Saturday, June 5, 2010

Turning Off DNS Caching

Turning Off DNS Caching under Microsoft Windows
If you experience frequent issues with DNS caching under Microsoft Windows, you can disable client-side DNS caching with either of these two commands:

net stop dnscache
sc servername stop dnscache

This will disable DNS caching until the next reboot. To make the change permanent, use the Service Controller tool or the Services tool to set the DNS Client service startup type to Disabled. You can permanently disable DNS Client by following the below steps:

Goto Start and click on Run.
Type Services.msc in the Run command box.
A window listing all the services will popup. Search for a service called DNS Client.
Double click on the listed DNS Client service and click Stop. Similarly, you can restart it by clicking Start.
Tuning DNS Caching under Microsoft Windows
You can modify the behavior of the Microsoft Windows DNS caching algorithm by setting two registry entries in the HKEY_LOCAL_MACHINE\SYSTEM\CurrentControlSet\Services\Dnscache\Parameters registry key.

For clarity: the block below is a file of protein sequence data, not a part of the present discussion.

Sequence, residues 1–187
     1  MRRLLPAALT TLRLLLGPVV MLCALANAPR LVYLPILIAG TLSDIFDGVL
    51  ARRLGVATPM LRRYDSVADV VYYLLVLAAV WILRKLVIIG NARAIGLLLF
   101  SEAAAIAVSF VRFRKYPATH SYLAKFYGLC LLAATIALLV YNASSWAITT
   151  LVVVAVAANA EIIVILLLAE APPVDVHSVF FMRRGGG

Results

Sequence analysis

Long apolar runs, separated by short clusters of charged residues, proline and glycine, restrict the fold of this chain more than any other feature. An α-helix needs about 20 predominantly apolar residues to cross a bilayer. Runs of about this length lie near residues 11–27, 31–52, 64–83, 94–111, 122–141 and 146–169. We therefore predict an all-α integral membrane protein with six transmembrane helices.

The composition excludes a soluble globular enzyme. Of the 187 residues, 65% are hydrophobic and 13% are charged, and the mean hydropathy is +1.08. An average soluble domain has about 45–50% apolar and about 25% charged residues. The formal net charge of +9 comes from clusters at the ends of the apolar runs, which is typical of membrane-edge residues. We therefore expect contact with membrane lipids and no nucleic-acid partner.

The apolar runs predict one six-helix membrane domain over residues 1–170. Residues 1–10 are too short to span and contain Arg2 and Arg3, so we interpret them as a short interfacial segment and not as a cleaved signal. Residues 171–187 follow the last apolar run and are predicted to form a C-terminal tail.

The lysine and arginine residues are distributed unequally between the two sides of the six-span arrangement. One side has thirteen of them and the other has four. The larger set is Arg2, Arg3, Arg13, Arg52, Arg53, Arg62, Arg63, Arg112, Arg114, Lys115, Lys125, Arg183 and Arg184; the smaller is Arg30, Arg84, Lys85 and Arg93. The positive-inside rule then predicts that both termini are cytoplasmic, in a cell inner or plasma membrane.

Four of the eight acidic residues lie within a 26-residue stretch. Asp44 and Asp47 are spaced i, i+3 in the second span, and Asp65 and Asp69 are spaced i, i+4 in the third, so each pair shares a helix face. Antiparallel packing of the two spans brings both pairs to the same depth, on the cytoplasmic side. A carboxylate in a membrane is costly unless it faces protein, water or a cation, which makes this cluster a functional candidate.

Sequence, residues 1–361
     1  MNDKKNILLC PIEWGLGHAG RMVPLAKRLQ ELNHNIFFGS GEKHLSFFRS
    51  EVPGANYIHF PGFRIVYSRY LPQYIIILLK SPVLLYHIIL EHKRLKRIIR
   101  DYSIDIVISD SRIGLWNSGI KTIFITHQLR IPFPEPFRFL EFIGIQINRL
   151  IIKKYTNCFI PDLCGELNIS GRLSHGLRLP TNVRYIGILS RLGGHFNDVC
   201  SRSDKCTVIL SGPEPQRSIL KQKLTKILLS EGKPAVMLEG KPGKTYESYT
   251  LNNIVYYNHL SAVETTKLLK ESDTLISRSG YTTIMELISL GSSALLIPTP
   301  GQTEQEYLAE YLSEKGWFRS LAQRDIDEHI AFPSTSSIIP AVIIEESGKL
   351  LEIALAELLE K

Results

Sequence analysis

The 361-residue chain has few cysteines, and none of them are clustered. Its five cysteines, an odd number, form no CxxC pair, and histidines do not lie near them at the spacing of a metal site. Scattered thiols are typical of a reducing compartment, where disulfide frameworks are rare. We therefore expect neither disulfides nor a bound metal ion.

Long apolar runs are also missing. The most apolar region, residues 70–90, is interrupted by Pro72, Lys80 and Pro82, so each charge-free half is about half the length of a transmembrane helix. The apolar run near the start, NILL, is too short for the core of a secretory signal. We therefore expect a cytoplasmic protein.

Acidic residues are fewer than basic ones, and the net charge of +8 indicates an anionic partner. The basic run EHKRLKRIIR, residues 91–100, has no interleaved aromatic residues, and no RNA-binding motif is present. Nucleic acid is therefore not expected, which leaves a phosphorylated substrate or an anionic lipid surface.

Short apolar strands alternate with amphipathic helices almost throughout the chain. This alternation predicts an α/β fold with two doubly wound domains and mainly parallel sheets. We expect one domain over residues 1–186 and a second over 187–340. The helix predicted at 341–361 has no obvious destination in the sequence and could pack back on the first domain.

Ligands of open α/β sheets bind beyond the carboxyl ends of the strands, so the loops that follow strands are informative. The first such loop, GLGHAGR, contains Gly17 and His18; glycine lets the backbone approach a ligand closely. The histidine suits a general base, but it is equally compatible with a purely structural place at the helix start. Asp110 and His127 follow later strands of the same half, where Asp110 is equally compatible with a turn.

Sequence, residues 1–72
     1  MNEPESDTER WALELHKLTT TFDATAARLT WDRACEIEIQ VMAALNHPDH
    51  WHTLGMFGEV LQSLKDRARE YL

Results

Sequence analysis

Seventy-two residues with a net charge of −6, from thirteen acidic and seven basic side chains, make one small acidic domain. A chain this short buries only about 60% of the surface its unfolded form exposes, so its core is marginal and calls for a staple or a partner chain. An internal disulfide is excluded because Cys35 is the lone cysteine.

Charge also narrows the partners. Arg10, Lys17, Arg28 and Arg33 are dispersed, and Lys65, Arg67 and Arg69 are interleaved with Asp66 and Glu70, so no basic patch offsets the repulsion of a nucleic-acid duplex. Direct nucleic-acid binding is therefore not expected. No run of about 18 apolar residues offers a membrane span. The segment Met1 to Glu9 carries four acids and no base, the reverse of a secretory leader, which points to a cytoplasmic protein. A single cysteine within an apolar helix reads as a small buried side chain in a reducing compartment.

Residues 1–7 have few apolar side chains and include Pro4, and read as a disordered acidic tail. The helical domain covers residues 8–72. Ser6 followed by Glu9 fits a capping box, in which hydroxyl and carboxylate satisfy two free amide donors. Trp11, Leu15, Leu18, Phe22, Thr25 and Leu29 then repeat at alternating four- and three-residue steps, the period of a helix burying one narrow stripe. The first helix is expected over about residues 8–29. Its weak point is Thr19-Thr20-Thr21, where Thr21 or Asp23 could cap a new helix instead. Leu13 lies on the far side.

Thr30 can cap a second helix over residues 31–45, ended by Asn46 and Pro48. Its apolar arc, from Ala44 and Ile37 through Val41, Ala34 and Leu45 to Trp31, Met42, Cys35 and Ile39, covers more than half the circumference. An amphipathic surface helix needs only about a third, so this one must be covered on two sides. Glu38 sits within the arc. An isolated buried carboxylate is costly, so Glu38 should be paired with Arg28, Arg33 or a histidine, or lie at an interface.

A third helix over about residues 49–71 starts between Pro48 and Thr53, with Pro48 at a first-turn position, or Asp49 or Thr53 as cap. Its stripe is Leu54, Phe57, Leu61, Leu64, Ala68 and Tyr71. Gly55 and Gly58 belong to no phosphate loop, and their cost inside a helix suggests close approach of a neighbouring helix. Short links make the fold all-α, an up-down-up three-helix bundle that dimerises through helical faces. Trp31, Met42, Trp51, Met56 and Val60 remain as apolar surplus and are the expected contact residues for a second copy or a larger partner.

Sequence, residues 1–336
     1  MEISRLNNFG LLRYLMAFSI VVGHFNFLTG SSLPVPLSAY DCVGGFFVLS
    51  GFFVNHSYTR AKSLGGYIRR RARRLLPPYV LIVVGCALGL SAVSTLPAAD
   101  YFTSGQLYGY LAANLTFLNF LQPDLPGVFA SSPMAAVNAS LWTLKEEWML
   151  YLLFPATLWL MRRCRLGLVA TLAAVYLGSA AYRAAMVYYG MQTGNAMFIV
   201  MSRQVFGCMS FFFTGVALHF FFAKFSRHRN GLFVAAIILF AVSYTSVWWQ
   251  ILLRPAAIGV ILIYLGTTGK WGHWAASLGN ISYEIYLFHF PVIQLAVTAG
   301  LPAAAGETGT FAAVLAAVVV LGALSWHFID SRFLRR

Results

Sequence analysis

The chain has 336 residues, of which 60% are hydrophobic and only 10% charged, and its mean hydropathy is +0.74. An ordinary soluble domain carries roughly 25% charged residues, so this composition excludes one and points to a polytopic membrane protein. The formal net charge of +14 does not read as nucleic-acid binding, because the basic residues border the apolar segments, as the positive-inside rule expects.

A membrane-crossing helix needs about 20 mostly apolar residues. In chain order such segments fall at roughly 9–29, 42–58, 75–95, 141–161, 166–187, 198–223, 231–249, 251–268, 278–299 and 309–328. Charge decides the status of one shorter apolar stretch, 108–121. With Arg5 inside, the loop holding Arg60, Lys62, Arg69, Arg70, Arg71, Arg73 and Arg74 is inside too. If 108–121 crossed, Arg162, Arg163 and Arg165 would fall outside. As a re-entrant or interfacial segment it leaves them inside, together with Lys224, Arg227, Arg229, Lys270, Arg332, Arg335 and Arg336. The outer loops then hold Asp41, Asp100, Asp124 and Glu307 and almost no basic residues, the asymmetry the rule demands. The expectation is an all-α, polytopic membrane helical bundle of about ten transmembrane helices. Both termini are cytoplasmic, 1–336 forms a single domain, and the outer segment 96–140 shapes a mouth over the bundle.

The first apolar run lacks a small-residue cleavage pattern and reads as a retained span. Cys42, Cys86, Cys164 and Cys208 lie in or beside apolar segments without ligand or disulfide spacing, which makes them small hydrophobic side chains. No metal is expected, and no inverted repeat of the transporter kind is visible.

The MaxCacheTtl represents the maximum time that the results of a DNS lookup will be cached. The default value is 86,400 seconds. If you set this value to 1, DNS entries will only be cashed for a single second.

MaxNegativeCacheTtl represents the maximim time that the results of a failed DNS lookup will be cached. The default value is 900 seconds. If you set this value to 0, failed DNS lookups will not be cached.

How to Flush DNS in Microsoft Windows
In Microsoft Windows, you can use the command ipconfig /flushdns to flush the DNS resolver cache. Open the command prompt and type the following:

C:\>ipconfig /flushdns
Windows IP Configuration
Successfully flushed the DNS Resolver Cache.

The above command will completely flush the DNS, deleting any incorrect entries too. You can also use the command ipconfig /displaydns to view the DNS resolver cache.

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